There wasn’t a lot to like about what occurred the other day in a state Senate committee. First, legislative rules – notoriously rubberized – were stretched to the point where principles of orderly law-making were nailed up for mockery. Second, the travesty took place in service of a goal both misguided and cruel.
That goal reflects hostility among the General Assembly’s conservative Republican majority toward North Carolina’s non-citizen immigrants, mainly Hispanic, who live here without legal permission. The consensus among these legislators seems to be that the state should try to make itself as unwelcoming as possible to these undocumented residents.
Maybe they’ll go somewhere else. Maybe they’ll go back home. (Some already have and perhaps more will – if they’re prepared to face again the poverty and violence they fled in the first place.)
Hence, the legislature’s move to force local governments to take a hard line toward unauthorized immigrants living in their communities. Action by a Senate judiciary committee on June 21 was the latest stroke in that effort – and one highlighting the ease with which the legislative process can be warped by those convinced that the end justifies the means.
Laws meant to keep cities and counties from adopting “sanctuary” ordinances were enacted last year with strong Republican support.
Essentially, they require local law enforcement agencies to act as arms of the federal government in ferreting out undocumented immigrants. Officers cannot be instructed to avoid gathering information about people’s citizenship, and identification cards issued by foreign consulates or private organizations (the group FaithAction issues such cards in cooperation with the Greensboro Police Department) cannot be accepted as valid.
But the laws carry no penalties for non-compliance. State Sen. Norman Sanderson, a Pamlico County Republican whose district includes Morehead City and Beaufort, must have said to himself, “Can’t have that!”
Sanderson used a form of what has become a regrettably popular legislative tactic known as “gut and amend” to try (not to put too fine a point on it) to cram his preferences down his colleagues’ throats.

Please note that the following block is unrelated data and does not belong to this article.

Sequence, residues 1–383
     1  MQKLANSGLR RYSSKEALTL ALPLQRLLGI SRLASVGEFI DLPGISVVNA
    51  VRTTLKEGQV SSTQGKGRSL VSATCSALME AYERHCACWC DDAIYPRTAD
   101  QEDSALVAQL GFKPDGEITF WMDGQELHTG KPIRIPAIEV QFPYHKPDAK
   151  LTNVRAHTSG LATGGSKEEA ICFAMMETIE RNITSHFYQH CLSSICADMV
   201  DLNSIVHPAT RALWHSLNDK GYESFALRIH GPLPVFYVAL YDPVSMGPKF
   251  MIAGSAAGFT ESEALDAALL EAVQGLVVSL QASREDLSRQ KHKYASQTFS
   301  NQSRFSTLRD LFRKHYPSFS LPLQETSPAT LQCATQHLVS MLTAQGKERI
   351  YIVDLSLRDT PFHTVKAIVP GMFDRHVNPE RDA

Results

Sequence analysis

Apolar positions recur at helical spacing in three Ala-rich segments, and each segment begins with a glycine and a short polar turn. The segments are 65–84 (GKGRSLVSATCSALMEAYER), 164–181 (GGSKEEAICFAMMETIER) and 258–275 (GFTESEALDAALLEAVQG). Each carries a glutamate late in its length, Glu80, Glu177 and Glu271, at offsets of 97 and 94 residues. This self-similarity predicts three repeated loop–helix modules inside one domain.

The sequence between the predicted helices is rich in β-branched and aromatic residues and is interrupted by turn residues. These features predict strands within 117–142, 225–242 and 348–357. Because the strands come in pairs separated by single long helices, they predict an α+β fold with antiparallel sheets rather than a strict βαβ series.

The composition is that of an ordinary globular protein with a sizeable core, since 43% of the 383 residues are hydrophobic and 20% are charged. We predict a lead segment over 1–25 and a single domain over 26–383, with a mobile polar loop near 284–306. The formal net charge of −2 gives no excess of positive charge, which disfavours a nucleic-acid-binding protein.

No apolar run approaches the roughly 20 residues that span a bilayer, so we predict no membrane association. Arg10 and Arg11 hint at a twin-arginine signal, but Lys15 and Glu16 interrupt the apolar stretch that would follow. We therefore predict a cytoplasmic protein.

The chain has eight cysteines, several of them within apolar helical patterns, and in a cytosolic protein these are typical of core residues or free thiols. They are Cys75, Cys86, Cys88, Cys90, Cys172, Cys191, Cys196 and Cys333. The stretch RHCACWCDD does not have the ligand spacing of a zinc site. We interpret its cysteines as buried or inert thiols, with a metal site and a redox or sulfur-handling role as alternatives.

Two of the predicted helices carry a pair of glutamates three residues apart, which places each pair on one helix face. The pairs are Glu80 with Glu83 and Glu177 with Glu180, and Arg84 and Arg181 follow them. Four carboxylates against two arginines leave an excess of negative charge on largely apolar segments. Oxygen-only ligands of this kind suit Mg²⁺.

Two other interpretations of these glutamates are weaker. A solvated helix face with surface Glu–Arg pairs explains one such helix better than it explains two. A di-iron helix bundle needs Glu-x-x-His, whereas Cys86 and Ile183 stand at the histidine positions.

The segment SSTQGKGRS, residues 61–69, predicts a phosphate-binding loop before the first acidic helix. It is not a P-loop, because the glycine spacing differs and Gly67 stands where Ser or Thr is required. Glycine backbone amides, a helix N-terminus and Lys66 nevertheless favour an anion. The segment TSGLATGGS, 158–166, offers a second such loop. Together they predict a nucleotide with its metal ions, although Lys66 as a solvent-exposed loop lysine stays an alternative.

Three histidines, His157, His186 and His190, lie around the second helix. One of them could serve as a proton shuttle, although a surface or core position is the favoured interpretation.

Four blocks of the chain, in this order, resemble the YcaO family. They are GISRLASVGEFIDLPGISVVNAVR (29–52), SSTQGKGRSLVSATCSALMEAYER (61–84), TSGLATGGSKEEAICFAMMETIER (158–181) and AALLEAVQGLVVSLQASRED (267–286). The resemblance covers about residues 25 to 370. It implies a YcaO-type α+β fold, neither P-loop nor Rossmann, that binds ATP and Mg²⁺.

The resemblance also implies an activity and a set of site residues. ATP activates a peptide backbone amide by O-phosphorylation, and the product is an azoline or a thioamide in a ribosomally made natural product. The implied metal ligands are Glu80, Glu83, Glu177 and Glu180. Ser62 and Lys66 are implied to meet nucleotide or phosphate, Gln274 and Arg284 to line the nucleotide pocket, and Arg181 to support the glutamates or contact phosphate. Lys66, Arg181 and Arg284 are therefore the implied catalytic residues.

The House last year passed House Bill 100, a low-profile clarification of the rules covering certain jury duty records. When it went to the Senate, the bill was assigned to the Judiciary II Committee.
Sanderson, meanwhile, in May filed Senate Bill 868 (Sen. Buck Newton, the Republican candidate for state attorney general, was the other prime sponsor) with provisions meant to ensure compliance with the anti-sanctuary cities laws.
The bill would set up a mechanism by which someone, even anonymously, could file a report of alleged non-compliance that would have to be investigated by the attorney general. A locality found to be out of line – basically by continuing to treat immigration violations as none of its business – would be hammered with the loss of state funds, including money for schools and roads. That, of course, would be an intolerable loss.
To kickstart the provisions of S.B. 868, even if not the bill itself, Sanderson on June 21 proposed a substitute version of H.B. 100 that simply pasted the former bill into the latter. The jury records language was retained, making this not quite a classic instance of gut and amend. But the bill took on an entirely different and much more consequential thrust.
According to news reports, Judiciary II Committee members greenlighted the substitute bill just minutes after it was unveiled. The bill then on June 24 was OK’d by the Appropriations Committee, over opposition from Democrats, and it will have to pass muster in the full Senate. But if it’s cleared and returned to the House, members there will not have a chance to give it the kind of full, public airing it deserves.